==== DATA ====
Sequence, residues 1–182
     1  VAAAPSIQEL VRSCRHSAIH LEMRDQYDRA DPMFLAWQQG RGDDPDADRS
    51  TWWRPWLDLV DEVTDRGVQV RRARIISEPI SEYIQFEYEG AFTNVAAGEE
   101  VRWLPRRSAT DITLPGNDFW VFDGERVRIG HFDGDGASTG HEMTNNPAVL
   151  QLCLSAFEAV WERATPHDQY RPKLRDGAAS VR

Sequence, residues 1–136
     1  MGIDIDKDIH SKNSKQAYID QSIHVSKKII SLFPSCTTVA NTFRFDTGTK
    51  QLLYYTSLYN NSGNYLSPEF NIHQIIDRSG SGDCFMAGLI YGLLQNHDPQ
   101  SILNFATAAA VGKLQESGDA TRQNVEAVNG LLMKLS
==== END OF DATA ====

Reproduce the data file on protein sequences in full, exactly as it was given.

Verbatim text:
Sequence, residues 1–182
     1  VAAAPSIQEL VRSCRHSAIH LEMRDQYDRA DPMFLAWQQG RGDDPDADRS
    51  TWWRPWLDLV DEVTDRGVQV RRARIISEPI SEYIQFEYEG AFTNVAAGEE
   101  VRWLPRRSAT DITLPGNDFW VFDGERVRIG HFDGDGASTG HEMTNNPAVL
   151  QLCLSAFEAV WERATPHDQY RPKLRDGAAS VR

Sequence, residues 1–136
     1  MGIDIDKDIH SKNSKQAYID QSIHVSKKII SLFPSCTTVA NTFRFDTGTK
    51  QLLYYTSLYN NSGNYLSPEF NIHQIIDRSG SGDCFMAGLI YGLLQNHDPQ
   101  SILNFATAAA VGKLQESGDA TRQNVEAVNG LLMKLS